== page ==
vendredi 19 septembre 2008

Lepus 1

Hermes placed the hare in the sky because of its swiftness, Eratosthenes tells us. Both Eratosthenes and Hyginus referred to the remarkable fertility of hares, as attested to by Aristotle in his Historia Animalium: ‘Hares breed and bear at all seasons, superfoetate (i.e. conceive again) during pregnancy and bear young every month. They do not give birth to their young all at once, but bring them forth at intervals.’

The celestial hare makes an interesting tableau with Orion and his dogs. Aratus wrote that the Dog (Canis Major) pursues the hare in an unending race: ‘Close behind he rises and as he sets he eyes the setting hare.’ But judging by its position in the sky, the hare seems more to be crouched in hiding beneath the hunter’s feet.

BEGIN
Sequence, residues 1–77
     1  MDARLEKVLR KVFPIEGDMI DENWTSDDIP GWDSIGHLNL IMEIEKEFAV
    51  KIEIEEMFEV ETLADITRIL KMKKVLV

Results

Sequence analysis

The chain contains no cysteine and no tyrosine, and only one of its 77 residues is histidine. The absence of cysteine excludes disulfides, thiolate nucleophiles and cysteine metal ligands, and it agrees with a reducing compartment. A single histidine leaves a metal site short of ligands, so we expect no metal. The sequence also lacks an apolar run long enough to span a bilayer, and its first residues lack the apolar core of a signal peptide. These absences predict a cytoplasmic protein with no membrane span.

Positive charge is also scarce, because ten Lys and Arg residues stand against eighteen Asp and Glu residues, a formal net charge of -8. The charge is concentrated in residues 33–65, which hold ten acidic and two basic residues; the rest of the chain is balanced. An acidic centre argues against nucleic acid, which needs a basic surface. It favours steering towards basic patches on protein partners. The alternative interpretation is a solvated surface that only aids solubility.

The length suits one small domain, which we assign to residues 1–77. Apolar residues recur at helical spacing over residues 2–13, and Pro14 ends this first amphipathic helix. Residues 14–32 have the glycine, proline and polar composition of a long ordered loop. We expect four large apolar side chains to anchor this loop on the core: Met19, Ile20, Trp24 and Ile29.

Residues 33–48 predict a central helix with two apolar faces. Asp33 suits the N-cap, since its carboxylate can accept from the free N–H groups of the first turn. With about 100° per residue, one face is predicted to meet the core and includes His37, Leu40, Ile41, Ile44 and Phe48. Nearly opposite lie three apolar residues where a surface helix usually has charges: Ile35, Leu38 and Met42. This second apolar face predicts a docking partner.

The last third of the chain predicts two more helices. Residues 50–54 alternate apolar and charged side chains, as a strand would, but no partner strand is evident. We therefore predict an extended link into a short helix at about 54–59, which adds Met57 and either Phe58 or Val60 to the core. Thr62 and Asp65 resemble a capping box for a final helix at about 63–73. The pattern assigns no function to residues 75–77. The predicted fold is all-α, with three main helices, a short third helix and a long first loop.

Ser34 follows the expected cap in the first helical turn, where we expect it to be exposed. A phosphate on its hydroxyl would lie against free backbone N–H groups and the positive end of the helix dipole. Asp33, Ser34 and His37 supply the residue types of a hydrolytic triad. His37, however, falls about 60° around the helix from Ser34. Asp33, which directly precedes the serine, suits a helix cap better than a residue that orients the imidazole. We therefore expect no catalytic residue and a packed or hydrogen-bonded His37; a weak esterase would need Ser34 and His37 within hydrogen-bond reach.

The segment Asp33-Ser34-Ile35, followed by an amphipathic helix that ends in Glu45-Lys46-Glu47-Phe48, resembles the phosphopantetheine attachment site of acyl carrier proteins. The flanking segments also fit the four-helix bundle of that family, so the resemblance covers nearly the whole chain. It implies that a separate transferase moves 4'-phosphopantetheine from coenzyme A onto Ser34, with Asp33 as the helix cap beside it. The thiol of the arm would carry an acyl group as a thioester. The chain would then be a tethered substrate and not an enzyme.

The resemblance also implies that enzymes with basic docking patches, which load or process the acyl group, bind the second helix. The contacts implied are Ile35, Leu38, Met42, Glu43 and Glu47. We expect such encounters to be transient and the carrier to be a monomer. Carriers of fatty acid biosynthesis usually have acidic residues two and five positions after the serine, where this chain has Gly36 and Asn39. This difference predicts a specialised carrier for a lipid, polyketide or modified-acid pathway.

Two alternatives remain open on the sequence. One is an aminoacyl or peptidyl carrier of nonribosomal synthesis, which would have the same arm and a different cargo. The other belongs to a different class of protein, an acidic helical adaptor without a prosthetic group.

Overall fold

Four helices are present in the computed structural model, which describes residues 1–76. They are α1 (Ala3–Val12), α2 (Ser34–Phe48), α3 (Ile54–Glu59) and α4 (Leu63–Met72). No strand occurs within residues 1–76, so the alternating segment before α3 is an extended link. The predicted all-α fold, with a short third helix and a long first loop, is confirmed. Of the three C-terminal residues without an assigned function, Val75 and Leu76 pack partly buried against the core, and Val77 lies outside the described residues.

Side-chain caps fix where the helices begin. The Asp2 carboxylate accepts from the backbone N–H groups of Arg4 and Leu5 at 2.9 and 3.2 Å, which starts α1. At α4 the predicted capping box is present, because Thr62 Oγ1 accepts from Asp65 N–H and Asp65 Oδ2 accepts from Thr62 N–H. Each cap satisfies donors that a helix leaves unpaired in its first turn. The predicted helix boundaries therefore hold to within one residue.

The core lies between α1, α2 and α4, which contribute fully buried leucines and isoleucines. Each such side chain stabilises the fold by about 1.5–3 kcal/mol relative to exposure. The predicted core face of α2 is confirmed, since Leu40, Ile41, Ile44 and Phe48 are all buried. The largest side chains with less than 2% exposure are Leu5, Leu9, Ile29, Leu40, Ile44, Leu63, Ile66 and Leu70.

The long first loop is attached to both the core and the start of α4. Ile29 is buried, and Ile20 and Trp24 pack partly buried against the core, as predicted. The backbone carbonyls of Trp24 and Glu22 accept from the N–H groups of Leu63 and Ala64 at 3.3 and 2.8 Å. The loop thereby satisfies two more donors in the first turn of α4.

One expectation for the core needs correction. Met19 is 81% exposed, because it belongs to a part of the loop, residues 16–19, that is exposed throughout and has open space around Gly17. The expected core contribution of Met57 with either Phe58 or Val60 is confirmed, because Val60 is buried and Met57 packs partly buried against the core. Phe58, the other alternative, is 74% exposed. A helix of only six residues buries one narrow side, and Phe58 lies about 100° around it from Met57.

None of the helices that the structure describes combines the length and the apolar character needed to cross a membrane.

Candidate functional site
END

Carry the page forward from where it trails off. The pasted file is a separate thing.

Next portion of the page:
Hyginus tells us the following moral tale about the hare. At one time there were no hares on the island of Leros, until one man brought in a pregnant female. Soon, everyone began to raise hares and before long the island was swarming with them. They overran the fields and destroyed the crops, reducing the population to starvation. By a concerted effort, the inhabitants drove the hares out of their island. They put the image of the hare among the stars as a reminder that one can easily end up with too much of a good thing.
The constellation’s brightest star, third-magnitude Alpha Leporis, is called Arneb, from the Arabic al-arnab meaning ‘the hare’.

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